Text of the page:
I’ve now finished my first (and last) week of keeping track of my score using the “Coryat” method. I am undeniably frustrated today: I had my best score of the week at 23000, but I may have done better if I’d have been able to wager on Daily Doubles. For example, one-day champ Alison Stone Roberg picked up 4000 on this Daily Double in Get the L Out, where it could only count for 2000 for me because that was the value of the clue: “Get the L out of a word meaning to quench a thirst to get a Japanese potent potable.”* (They’re looking for two words in the correct response.)
I also don’t like how my fate is sealed at the end of Double Jeopardy, whereas the real contestants still have a chance to augment their scores. It doesn’t seem fair! It’s almost like you can’t win. Trying this method was a worthwhile experience, but I feel like it doesn’t reflect whether I won or lost a game as well as the Jeopardy Challenger method does. I know that the Coryat method measures a person’s knowledge of the content, but I already know what my weak subjects are. What I need to know is how to wager effectively on Daily Doubles and Final Jeopardy. Yes, you can still practice wagering using the Coryat method, but with the Jeopardy Challenger, it counts, just like it does on the show.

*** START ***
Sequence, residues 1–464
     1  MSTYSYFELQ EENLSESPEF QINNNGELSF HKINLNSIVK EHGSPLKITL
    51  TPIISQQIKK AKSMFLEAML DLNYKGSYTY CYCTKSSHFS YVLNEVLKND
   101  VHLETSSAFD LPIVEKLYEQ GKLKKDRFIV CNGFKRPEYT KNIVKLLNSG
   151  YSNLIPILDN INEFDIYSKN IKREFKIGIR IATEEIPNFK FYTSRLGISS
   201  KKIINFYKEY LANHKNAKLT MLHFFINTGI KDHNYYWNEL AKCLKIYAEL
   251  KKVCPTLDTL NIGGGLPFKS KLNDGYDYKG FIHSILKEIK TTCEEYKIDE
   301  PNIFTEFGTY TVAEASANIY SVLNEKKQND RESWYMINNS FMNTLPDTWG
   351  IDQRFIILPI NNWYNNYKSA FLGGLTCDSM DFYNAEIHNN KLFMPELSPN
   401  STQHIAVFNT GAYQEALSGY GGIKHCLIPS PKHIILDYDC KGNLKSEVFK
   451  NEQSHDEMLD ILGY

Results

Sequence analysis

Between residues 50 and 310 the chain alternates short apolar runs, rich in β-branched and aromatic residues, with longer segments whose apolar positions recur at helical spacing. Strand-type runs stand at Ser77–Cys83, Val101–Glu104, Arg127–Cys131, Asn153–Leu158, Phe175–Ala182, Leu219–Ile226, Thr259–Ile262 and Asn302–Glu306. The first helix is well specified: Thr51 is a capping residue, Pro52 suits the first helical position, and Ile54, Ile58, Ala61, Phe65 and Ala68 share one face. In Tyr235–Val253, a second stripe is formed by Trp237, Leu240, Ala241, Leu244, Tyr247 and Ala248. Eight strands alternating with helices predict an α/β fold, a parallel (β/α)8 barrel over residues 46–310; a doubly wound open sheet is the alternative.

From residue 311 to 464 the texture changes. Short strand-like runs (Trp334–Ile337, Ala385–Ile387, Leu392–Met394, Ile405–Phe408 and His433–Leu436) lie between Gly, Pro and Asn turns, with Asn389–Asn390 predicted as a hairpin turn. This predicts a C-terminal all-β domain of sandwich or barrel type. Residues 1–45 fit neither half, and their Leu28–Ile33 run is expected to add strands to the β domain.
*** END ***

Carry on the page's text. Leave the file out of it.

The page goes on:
Here are my scores from Wednesday and Thursday, keeping in mind what I said above:
Tom Alexander Sarah Minson John Krizel Me
0 16801 26401 19400
Alison Stone Roberg Dan Highlands John Krizel Me
26801 6400 8100 18800
Alison was off to a fast start today. By the first break, she had 5500, thanks in part to a 2500 wager and a correct response on this Daily Double in Letter and Word: “The most common human blood type (make sure to say whether it’s positive or negative).”* Rich Baker had 200 at the first break, and Joe Gallagher had 3000. At the end of the round, Alison had 9300, Joe had 4200, and Rich continued to struggle with 1400. My Coryat score was 9400. Here’s my Jeopardy round from today:
“Ted Koppel anchored this late night show for 25 years.”* I’m a little surprised that Alison and Joe still missed this one after Rich guessed Dateline.
“Back in 1993, this SNL vet’s foray into late night on Fox lasted only 29 episodes.”*
What about this one in the Double Jeopardy round, in They’re Looking Out for Us: “The NCIRD (the I is for immunization) is part of this 3-letter Atlanta-based organization.”* Again, Alison and Joe missed this one even after Rich gave them the answer when he said “Centers for Disease Control.” By then, he looked as frustrated as I was!